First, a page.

Here is some of what I have learnt that I think provides some seeds ofopportunity and lots of relevance for our remote working future too:
- I care as much about my kids having opportunities to interact with their peers and teachers as I do about them completing assignments.
- Allowing children to choose channels for communicating and being flexible as parents and teachers helps them maintain connection. Email and group video calls don’t work every day for every child and our expectations and measurement of success should relate to learning and socialising outcomes, not outputs.
- Digital tools such as video calls and pre-recorded lessons from the teachers are really valuable when they feel personalised to the child or small group of children. An audio or video note of feedback on work handed in is so great.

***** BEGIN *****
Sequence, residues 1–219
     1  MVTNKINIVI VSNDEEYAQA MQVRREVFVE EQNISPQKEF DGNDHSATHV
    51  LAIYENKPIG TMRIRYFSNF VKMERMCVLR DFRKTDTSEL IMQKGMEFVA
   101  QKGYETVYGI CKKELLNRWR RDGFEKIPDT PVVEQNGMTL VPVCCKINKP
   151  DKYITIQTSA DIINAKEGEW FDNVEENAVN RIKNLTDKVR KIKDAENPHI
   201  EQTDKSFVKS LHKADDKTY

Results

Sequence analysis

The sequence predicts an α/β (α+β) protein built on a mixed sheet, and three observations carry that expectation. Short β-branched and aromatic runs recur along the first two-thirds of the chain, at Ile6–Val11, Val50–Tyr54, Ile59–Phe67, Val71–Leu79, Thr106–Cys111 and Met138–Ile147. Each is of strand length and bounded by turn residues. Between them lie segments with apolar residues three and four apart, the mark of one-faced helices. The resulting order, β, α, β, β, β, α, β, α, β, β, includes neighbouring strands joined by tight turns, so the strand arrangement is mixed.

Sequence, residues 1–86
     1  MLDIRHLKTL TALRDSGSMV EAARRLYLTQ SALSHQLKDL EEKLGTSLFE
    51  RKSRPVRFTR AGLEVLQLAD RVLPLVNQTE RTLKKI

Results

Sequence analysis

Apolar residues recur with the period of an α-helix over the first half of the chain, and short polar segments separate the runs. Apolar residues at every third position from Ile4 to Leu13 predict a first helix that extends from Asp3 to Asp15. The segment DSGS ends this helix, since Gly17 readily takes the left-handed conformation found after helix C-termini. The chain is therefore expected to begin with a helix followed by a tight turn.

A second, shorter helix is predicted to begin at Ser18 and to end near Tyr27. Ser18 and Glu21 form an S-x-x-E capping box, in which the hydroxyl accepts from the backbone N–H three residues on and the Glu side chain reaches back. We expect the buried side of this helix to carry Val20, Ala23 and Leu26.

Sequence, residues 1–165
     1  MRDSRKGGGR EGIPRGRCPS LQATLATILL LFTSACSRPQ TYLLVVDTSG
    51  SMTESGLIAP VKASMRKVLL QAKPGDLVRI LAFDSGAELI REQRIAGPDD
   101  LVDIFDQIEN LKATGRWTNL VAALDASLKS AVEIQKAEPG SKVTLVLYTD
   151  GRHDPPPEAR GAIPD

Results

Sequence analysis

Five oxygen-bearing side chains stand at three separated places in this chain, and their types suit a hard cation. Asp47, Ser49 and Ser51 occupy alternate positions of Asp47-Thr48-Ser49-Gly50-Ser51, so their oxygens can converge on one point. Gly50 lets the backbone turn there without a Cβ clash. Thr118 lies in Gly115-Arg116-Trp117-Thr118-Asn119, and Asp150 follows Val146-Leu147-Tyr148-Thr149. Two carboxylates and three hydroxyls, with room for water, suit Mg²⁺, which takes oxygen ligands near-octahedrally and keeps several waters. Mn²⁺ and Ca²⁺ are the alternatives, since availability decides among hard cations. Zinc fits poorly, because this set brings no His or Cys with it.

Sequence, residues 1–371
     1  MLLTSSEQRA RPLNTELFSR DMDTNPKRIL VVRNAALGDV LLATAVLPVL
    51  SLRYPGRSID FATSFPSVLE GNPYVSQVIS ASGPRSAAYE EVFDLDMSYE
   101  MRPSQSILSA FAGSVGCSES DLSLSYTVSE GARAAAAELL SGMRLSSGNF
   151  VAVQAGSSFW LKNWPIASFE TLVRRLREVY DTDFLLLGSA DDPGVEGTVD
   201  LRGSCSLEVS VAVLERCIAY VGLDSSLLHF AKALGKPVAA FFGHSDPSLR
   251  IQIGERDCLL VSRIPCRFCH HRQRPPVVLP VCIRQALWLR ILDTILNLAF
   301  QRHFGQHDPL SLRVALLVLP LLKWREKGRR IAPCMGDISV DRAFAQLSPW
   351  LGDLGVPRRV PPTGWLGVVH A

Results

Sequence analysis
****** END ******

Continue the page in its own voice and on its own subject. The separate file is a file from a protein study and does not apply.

- There is a vast learning gap between some children’s abilities to work online and others. From touch typing to managing social media apps, there is a huge opportunity to expand the way we educate children in this space beyond coding and PowerPoint.
- Some children have had respite by being at home and clearly flourished mentally and physically. My eldest is one of those kids. A blended or hybrid teaching model as a permanent option for those families who want to accommodate it could be a game changer.
- Collaboration across the private education sector and state sector could and should happen more broadly to help alleviate the education gap that has widened during the crisis and to inspire excellence in all our children. We could expand on the sharing of physical assets from pitches to libraries, specialist teachers and opportunities for remote learning in specialist subjects, just because we know it is the right thing to do. The charitable status of private schools should be leveraged for the benefit ofall of Scotland’s children.
By Harriet Moll, creative director
“Hello P2, how are you today?”
The phrase that will forever remind me of our lockdown home school experience, especially as my six-year-old daughter has taken to mimicking her teacher while bossing around her three-year-old sister in unrelenting, and frankly rather unrealistic, games of ‘school’.